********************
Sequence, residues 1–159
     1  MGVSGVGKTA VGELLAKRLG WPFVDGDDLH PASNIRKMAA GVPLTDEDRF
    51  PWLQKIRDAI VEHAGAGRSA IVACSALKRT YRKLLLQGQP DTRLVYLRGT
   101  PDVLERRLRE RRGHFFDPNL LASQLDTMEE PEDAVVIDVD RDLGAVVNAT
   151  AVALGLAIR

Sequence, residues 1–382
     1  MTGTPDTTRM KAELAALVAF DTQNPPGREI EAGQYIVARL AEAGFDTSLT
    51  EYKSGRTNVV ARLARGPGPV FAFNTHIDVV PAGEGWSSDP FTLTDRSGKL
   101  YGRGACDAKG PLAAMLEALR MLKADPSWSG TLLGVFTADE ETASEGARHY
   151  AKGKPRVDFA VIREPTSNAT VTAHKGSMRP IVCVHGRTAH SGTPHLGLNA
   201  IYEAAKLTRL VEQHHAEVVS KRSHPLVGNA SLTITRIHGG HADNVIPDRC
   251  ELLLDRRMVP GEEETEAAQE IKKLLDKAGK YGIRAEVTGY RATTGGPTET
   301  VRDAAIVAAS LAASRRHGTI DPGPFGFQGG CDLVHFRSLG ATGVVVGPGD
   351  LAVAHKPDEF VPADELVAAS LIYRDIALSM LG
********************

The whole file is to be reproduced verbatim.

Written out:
Sequence, residues 1–159
     1  MGVSGVGKTA VGELLAKRLG WPFVDGDDLH PASNIRKMAA GVPLTDEDRF
    51  PWLQKIRDAI VEHAGAGRSA IVACSALKRT YRKLLLQGQP DTRLVYLRGT
   101  PDVLERRLRE RRGHFFDPNL LASQLDTMEE PEDAVVIDVD RDLGAVVNAT
   151  AVALGLAIR

Sequence, residues 1–382
     1  MTGTPDTTRM KAELAALVAF DTQNPPGREI EAGQYIVARL AEAGFDTSLT
    51  EYKSGRTNVV ARLARGPGPV FAFNTHIDVV PAGEGWSSDP FTLTDRSGKL
   101  YGRGACDAKG PLAAMLEALR MLKADPSWSG TLLGVFTADE ETASEGARHY
   151  AKGKPRVDFA VIREPTSNAT VTAHKGSMRP IVCVHGRTAH SGTPHLGLNA
   201  IYEAAKLTRL VEQHHAEVVS KRSHPLVGNA SLTITRIHGG HADNVIPDRC
   251  ELLLDRRMVP GEEETEAAQE IKKLLDKAGK YGIRAEVTGY RATTGGPTET
   301  VRDAAIVAAS LAASRRHGTI DPGPFGFQGG CDLVHFRSLG ATGVVVGPGD
   351  LAVAHKPDEF VPADELVAAS LIYRDIALSM LG